Senator Bernie Sanders, who is challenging Hillary Clinton for the Democratic Party’s presidential nomination, will face a significant legal barrier if he attempts to run in next year’s New York primary while remaining unaffiliated with a party. A section of state election law commonly known as Wilson-Pakula prohibits candidates from appearing on the ballot in a party’s primary unless they are either enrolled members or receive the approval of the party’s committee.
Sanders, of Vermont, is an independent and so would need the approval of the state’s Democrats to get his name on the ballot. But the state’s two major parties have historically granted Wilson-Pakulas only in rare circumstances. Several longtime political observers contacted by Capital could not recall a single instance in which either party has granted one to a candidate in a statewide race. Clinton’s deep political connections to New York make the likelihood of them doing so even less.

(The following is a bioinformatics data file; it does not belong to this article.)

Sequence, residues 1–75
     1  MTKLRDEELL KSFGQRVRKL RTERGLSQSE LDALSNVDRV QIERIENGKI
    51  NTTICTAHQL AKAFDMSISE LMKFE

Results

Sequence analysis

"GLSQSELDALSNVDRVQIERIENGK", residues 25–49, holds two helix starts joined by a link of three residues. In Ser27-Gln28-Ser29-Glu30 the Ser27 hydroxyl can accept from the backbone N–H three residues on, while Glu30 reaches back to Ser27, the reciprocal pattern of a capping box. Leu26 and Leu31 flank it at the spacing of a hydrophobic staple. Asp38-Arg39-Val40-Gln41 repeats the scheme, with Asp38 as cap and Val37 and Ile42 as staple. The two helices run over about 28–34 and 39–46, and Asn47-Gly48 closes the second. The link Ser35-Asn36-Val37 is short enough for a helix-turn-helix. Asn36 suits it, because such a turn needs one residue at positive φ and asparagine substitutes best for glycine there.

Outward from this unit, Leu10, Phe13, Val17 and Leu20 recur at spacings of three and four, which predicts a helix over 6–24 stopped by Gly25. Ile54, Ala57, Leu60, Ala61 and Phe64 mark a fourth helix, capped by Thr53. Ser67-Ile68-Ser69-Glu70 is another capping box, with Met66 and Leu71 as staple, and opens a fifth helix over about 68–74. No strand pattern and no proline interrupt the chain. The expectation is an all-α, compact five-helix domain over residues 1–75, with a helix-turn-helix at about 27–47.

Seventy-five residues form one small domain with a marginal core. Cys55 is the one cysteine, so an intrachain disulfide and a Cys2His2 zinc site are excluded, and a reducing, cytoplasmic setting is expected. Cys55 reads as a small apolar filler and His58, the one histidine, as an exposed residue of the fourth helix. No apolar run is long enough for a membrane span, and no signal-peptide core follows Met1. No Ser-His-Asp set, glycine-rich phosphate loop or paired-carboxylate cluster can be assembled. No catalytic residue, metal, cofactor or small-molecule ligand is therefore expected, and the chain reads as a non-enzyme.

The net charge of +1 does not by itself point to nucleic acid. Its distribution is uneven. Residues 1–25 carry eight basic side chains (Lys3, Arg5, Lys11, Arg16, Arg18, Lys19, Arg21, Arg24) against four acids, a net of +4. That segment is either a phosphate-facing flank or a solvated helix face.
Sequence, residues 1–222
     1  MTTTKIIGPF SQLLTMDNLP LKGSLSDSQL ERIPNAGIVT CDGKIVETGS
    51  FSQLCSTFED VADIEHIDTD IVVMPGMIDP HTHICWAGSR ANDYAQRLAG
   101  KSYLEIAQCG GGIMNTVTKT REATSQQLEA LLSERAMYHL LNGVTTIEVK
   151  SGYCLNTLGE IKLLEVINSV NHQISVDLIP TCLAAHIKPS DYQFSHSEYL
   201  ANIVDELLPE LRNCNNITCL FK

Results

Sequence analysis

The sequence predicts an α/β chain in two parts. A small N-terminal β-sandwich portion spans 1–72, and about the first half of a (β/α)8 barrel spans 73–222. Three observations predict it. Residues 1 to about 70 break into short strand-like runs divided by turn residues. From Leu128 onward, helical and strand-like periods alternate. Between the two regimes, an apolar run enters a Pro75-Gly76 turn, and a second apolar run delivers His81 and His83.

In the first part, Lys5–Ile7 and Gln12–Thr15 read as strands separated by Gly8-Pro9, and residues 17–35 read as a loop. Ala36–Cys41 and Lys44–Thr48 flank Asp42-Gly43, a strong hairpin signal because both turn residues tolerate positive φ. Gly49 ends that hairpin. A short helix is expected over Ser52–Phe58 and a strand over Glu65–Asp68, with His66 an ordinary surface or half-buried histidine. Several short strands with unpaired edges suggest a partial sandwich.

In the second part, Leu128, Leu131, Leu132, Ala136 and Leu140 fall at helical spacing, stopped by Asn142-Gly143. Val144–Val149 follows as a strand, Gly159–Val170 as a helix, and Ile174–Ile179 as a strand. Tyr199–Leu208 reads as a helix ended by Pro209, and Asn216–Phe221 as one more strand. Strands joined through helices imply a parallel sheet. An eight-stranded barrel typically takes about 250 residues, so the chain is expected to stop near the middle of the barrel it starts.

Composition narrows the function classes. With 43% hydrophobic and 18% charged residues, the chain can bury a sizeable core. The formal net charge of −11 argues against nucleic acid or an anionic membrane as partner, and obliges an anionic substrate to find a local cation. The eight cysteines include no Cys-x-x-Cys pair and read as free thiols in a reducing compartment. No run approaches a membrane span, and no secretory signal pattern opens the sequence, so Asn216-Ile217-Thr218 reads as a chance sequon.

“Hadn’t thought about it, but my initial answer would be no,” Assemblyman Keith Wright said when asked if he thought Sanders should be allowed on the ballot for New York’s Democratic primary.